Wednesday, May 22, 2013
What more is there to say? I know that it can't be easy filling your shoes these days, but I'm so annoyed by your constant lack of respect for me.
Yeah, I'm taking this personally. If you claim to stand for the taxpayer, for the voter, for the average Torontonian, well baby, I'm right here. It's me that you're not addressing when you spout nonsensical comebacks to reporters. It's me you're avoiding when your statement on whether or not you smoked crack, and whether or not that was captured on video, fails to materialize. It's me who feels rebuffed when you send your brother to comment on the crack scandal in your stead.
You have long prided yourself on being The People's Mayor, despite raised eyebrows and guffaws from many of The People. You were like Toronto's suburban dad: tight with money, constantly threatening to take us out of swimming lessons and cut off our computer time; a genial football coach who could lead his team to the finals but sometimes slipped up on the field; visibly uncomfortable when dealing with arty weirdos like our cyclist friend or our LGBTQ buddy; who didn't understand how saying Asian-Canadians "worked like dogs" wasn't a compliment. You are no doubt embarrassing, but I could see how you meant well.
But as your term has progressed, you've slowly transformed from "affable dad" to "unpredictable, scary-eyed guy behind me in line at Walmart." Your transgressions have become international news stories, as they rightly should be: when politicians are accused of smoking crack, that makes headlines. The incident file that St. Joseph's Media has compiled lists forty-six different incidents since you took office on December 1, 2010. That is, on average, about one every 20 days.
While the incidents themselves aren't always hashtag-worthy events, they have one unifying theme: they distract you and us from your job of running the city of Toronto. There are 2.5 million people living in this city (or, about 57,000 people per incident - that's one embarrassed North Bay-sized city every three weeks) who rely on you and your council. Important city decisions have been knocked off-kilter by your personal shenanigans, leaving council members to scramble in their wake. And while it's true that your mayoralty has been scrutinized to an unprecedented degree, you continue to necessitate the scrutiny by being erratic, rude, volatile, uncaring of the safety of others, dismissive of serious allegations, and a poor council member.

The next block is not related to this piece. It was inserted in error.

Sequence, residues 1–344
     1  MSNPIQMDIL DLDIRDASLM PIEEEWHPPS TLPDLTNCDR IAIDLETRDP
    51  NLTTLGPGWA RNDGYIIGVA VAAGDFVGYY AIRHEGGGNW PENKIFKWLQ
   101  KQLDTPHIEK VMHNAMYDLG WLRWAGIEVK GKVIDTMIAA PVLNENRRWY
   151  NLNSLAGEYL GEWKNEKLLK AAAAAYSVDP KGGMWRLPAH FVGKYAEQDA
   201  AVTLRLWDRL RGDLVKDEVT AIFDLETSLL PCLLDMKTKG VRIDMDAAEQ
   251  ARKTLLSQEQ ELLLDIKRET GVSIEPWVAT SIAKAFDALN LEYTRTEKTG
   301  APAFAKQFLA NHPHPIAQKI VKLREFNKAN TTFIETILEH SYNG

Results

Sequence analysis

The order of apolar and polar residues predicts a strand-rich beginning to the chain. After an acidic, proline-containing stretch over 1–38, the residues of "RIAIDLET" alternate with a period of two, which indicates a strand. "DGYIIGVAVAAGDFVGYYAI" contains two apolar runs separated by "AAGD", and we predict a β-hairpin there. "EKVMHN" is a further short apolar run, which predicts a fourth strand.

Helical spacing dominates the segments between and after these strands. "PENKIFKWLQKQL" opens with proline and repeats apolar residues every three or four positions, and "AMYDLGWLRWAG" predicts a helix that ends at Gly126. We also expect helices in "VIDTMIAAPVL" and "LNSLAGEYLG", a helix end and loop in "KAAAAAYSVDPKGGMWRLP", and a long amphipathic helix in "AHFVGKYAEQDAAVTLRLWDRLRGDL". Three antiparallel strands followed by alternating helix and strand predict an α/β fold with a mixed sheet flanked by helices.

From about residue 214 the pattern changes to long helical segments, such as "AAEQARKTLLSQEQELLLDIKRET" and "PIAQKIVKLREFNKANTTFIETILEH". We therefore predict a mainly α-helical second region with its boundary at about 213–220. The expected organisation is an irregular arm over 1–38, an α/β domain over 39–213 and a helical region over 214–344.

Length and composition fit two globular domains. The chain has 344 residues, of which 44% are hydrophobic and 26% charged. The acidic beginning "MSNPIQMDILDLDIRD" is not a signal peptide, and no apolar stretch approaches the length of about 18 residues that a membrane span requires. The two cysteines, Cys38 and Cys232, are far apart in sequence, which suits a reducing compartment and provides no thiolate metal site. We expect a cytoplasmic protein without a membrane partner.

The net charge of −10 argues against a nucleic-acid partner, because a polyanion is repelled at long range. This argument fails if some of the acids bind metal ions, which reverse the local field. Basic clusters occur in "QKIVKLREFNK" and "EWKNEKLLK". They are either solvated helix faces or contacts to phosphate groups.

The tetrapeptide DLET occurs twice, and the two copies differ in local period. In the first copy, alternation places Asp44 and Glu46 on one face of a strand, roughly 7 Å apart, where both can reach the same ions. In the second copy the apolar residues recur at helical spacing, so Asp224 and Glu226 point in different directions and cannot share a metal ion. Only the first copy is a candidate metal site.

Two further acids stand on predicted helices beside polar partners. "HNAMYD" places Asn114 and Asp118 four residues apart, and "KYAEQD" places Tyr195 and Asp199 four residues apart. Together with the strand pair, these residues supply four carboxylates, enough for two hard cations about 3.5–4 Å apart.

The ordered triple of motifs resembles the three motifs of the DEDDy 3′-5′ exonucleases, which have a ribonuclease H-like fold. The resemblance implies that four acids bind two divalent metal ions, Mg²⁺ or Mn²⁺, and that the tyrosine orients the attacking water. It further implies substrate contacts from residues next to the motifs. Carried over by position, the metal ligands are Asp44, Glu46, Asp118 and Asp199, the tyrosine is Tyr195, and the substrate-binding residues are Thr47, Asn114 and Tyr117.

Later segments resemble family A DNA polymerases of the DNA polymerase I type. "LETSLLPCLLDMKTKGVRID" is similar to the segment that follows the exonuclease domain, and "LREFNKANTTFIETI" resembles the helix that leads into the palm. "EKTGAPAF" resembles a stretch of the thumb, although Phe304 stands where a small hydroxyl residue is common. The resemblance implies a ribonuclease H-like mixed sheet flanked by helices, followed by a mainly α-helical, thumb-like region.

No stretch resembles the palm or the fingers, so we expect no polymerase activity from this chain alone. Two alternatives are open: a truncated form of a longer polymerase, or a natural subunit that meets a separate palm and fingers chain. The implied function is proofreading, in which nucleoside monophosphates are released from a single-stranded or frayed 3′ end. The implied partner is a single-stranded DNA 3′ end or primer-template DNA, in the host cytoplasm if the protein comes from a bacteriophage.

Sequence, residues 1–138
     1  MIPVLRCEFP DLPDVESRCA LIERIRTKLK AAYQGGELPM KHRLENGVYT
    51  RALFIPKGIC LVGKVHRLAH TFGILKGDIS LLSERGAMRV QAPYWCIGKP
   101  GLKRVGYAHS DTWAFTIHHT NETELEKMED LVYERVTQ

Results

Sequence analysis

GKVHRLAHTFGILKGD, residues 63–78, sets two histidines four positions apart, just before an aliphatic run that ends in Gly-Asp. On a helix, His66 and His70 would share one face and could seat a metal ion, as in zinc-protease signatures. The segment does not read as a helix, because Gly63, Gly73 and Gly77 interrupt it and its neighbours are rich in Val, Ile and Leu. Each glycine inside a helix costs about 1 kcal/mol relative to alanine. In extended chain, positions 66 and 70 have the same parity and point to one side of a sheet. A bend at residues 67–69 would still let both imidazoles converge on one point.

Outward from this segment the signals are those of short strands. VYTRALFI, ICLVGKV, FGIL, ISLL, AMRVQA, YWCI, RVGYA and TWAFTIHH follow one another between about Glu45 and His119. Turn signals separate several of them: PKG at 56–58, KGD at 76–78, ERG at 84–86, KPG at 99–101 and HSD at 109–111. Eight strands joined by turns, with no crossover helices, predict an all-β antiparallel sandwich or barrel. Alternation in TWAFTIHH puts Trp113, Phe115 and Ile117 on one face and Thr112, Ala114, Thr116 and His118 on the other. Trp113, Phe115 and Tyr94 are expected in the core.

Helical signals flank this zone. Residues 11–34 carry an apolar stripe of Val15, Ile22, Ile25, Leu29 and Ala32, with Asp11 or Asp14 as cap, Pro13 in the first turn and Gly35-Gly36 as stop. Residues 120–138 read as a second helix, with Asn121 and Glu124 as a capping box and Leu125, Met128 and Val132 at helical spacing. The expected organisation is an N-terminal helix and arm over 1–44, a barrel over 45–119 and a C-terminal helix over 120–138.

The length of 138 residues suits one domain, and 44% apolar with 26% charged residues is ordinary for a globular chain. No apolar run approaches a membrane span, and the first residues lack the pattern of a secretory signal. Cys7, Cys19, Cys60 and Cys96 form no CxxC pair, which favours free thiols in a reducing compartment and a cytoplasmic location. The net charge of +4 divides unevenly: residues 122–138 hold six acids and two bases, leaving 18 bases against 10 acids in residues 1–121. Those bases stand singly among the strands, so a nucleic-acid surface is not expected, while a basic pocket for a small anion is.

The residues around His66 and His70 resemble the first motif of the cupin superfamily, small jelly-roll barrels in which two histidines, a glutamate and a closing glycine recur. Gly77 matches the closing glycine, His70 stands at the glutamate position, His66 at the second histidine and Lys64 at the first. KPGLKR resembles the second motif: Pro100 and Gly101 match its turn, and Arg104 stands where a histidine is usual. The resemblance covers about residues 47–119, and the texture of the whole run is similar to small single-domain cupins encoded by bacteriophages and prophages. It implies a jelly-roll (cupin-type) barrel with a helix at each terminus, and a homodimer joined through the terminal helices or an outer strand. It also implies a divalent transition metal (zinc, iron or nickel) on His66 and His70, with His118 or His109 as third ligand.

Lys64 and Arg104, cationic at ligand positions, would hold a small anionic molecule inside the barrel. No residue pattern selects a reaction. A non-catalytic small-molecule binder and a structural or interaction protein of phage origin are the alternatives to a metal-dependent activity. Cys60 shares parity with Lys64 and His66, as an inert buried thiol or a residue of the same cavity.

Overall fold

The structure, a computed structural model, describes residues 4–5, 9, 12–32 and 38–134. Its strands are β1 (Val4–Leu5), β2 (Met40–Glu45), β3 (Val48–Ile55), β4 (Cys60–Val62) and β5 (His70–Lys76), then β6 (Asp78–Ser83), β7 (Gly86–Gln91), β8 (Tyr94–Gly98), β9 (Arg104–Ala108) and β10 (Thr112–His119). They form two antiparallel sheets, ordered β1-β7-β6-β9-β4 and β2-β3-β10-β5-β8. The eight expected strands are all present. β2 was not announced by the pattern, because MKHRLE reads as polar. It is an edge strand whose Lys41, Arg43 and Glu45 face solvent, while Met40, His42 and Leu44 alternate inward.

It's hard not to take that personally, Rob. People not so different from me still believe in you; you have let them down.
I hope you can transition from "scary Walmart stranger" to something more befitting of a mayor: "uncle who has seen some crazy shit" might be okay, as would "cousin who started 12-stepping a few months ago and won't shut about his higher power." I hope you get the help you need, whether it's addictions counseling, media training, or simply someone whose job it is to stand beside you every moment of the day and prevent you from face-planting. The people who elected you deserve that from their mayor, as do the rest of us.
Friday, May 17, 2013
However, I do want to take a breather and just reflect, for a moment, on the amazing relationships in my life. From the boyfriend who, this morning, texted me "READ THE NEWS" (he was talking about this news story, which 1. Blech and 2. I'll probably talk about that next week, because I have thoughts on RoFo and his leadership "skills"), to my generous and thoughtful parents, to the best gal who went careening through No Thrills with me in a grocery shopping spree for ten people that included a lot of tortilla chips, to the sister to walked me halfway home last night and with whom I got to giggle over New Girl's excellent season finale, I am, for lack of a better word, blessed.
I tend to shy away from the blessed descriptor because it can feel like I've gone into a belief system that I don't subscribe to - Mormon housewives (and the blogs that parody them) and Christians hipsters often spout about blessed they are. To which I reply: yay for you, I guess. But if there's no benevolent deity in the sky, smiling down on me and granting me these little life moments, where does that leave me?